Announcement of Edwards’ exit from Roush Fenway had some strange timing

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This Sunday morning at Indianapolis got a bit more distracting for Carl Edwards, crew chief Jimmy Fennig, and the No. 99 Roush Fenway Racing team.

Hours away from one of the biggest NASCAR races of the year, Jack Roush revealed that Edwards would not be returning to the team next season. Instead, the Cat in the Hat will have Greg Biffle, Ricky Stenhouse Jr., and Trevor Bayne in his 2015 stable.

We’ve known that Edwards leaving Roush at the end of 2014 was a distinct possibility, even as Edwards himself has constantly chosen to stay silent on the matter.

But while the announcement isn’t exactly a surprise, the timing most definitely is. In a brief interview with reporters that was captured by Fox Sports, Edwards tried to keep focus on today’s Brickyard 400 and the remainder of the 2014 campaign.

“Our mission is to go win this race today and the championship,” Edwards said. “From a competitive standpoint, that’s the key and so, that’s where I’m at today.”

“When it’s time to talk about [2015], I’ll tell you guys and we’ll do it,” he added before being hustled off to a pre-race sponsor function. But before he went away, Edwards said this:

“It is unfortunate that all of this is happening on a race day. Because that’s the number-one focus.”

Or rather, it should be the number-one focus – especially going into this particular race. Instead, Edwards is having to deal with the aftermath of this announcement and ward off questions about his future.

And when he steps out of his Ford Fusion at the end of today’s race, he’ll likely have to deal with it all again. Even if he wins.

Far be it from me to question a team owner that has made countless decisions through more than 25 years at NASCAR’s top level, but Roush did not do Edwards any favors by announcing this today.

Why now? Why not do this the mid-week before or perhaps the Monday after?

Additionally, you would think Edwards’ solid year would have earned him some courtesy on this matter. He has been Roush’s standard-bearer this season – sixth in points with two trophies from Bristol and Sonoma.

Overall, the team has been a couple of steps behind in performance. Yet Edwards has remained steady and will be among those racing for a championship this fall in the Chase. Heck, he could be the only Roush man in the post-season if Greg Biffle and Ricky Stenhouse Jr. don’t pick up a win themselves in these final seven regular season races.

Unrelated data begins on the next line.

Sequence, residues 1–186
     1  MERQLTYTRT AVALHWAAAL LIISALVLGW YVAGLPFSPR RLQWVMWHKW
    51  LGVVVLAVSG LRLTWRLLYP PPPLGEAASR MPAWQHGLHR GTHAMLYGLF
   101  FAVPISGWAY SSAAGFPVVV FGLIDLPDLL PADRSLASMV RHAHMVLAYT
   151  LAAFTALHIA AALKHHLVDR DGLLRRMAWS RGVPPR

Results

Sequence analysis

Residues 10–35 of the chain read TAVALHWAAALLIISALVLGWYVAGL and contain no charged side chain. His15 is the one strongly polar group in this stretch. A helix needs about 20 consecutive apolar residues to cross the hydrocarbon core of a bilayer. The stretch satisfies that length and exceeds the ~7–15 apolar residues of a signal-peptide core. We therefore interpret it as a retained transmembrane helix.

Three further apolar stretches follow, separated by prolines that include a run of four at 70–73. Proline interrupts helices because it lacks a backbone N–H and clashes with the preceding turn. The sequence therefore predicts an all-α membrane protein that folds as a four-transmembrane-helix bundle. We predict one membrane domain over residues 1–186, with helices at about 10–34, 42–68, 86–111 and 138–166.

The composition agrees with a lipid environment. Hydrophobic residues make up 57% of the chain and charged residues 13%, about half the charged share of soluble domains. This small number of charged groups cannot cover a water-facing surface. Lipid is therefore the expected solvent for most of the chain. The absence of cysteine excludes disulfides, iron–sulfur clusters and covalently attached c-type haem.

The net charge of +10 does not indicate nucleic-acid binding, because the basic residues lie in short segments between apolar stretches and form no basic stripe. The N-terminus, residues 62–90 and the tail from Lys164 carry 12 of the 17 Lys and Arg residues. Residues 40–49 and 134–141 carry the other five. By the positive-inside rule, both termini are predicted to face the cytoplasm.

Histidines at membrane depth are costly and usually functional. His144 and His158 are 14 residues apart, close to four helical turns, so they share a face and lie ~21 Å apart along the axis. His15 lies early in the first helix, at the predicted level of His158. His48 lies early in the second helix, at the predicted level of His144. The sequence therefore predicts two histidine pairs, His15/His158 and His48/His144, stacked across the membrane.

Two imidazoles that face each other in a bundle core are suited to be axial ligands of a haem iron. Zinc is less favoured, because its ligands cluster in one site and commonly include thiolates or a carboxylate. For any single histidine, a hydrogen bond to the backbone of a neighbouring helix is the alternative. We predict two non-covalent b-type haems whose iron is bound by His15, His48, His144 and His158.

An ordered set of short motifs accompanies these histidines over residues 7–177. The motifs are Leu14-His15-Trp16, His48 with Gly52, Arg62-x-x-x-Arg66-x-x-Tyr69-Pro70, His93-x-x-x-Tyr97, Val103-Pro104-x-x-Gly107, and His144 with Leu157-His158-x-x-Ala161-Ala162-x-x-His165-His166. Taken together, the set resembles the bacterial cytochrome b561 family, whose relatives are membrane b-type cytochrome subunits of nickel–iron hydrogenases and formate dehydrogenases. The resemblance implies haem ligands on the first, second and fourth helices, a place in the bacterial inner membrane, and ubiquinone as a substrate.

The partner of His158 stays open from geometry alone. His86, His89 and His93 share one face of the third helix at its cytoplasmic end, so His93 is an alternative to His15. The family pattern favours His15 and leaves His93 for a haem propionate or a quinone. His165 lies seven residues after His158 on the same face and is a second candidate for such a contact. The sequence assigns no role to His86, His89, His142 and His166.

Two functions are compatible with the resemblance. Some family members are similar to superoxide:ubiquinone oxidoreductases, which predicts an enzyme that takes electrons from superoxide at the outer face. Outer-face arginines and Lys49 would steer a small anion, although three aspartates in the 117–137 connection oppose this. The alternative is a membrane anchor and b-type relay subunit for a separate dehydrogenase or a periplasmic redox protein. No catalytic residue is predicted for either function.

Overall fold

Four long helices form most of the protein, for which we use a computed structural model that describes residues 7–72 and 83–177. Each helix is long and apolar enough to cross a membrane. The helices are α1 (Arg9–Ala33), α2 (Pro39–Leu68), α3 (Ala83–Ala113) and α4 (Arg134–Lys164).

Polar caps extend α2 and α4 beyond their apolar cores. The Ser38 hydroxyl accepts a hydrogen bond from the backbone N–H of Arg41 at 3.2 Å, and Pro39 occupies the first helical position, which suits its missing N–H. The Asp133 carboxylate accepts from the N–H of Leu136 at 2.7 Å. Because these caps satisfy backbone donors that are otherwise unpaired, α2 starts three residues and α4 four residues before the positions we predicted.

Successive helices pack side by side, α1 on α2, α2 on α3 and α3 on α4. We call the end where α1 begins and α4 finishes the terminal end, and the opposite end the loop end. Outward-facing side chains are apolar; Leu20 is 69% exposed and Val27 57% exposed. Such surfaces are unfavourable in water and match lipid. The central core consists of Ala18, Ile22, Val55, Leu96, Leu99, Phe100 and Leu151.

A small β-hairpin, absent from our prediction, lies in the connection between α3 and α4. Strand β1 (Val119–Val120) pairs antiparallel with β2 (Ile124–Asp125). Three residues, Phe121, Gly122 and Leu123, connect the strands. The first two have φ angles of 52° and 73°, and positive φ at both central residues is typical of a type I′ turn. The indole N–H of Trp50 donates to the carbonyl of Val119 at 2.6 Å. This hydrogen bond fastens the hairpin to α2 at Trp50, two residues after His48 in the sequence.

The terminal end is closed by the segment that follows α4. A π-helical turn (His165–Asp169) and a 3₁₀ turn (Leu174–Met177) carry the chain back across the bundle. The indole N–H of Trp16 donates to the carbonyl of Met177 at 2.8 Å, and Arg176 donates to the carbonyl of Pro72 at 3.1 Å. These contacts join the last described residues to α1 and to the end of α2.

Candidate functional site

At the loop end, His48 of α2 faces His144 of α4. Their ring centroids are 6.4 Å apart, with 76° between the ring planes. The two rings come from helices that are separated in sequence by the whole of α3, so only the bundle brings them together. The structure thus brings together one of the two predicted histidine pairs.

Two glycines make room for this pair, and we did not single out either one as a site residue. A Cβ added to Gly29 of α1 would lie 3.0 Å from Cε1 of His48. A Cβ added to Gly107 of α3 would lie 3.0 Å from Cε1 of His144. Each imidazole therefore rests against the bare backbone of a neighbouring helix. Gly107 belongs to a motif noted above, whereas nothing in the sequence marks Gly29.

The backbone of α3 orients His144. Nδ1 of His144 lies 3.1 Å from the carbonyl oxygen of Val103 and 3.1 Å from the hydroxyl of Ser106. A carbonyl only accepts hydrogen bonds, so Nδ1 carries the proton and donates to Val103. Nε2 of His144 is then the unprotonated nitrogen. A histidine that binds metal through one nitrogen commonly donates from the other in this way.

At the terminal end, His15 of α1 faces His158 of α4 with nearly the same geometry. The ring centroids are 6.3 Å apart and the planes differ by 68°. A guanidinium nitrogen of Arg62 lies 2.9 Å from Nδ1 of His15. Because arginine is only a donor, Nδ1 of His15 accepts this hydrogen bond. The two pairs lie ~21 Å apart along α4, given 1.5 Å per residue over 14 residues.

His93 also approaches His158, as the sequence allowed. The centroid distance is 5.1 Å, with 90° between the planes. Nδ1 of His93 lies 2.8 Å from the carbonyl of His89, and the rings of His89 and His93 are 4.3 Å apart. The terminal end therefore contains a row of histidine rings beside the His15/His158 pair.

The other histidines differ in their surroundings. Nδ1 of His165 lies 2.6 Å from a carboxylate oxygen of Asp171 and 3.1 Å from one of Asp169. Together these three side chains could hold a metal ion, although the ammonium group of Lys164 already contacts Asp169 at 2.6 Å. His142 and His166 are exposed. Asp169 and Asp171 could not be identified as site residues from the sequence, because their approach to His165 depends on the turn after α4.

But apparently, that didn’t matter.

Once Edwards gets inside the car today at IMS, it’ll be down to business. But right now? He and the rest of his team have got to be thinking, ‘We did not need this.’

April 5 in Motorsports History: Alex Zanardi’s amazing Long Beach rally

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Alex Zanardi entered the Long Beach Grand Prix on April 5, 1998 as the race’s defending champion and the series’ defending champion.

But the Italian didn’t seem a serious contender for much of the 105-lap event. Zanardi started 11th position and lost a lap early when he was involved in a multicar spin in the hairpin.

Alex Zanardi celebrates after winning the 1998 Grand Prix of Long Beach. Photo: Getty Images

But the race was still young, and despite emerging from the incident in 18th place, Zanardi slowly progressed through the field while battling radio problems that made communication difficult with his team.

With five laps remaining, Zanardi passed Dario Franchitti on the backstretch for second place and then focused in on leader Bryan Herta.

With two laps remaining, Zanardi made his move, making a daring pass on the inside of Herta in the Queen’s Hairpin (which no longer exists as the track layout was changed the following year).

The move was reminiscent of Zanardi’s famous last-lap move on the inside of Laguna Seca’s famed Corkscrew in 1996, which deprived Herta of his first CART victory.

Franchitti passed Herta as well, and Zanardi went on to clinch his first victory of the season.

“On a day when everything went wrong, we came back and won,” Zanardi said following the race. “I can’t explain it. It wasn’t until I saw Bryan ahead of me that I ever thought I had a shot at winning. It was amazing. I have no words to describe it.”

Following Long Beach, Zanadri won six more times in 1998 en route to his second and final CART championship.

Also on this date:

1992: Bobby Rahal led from start to finish to win the Valvoline 200 at Phoenix International Raceway. The win was the first of four victories for Rahal during his championship season.

2009: Ryan Briscoe won the Honda Grand Prix of St. Petersburg, the first of three victories for the Aussie in 2009. The race was also the first IndyCar Series on Versus, which was rebranded as NBC Sports Network in 2012.

Follow Michael Eubanks on Twitter @michaele1994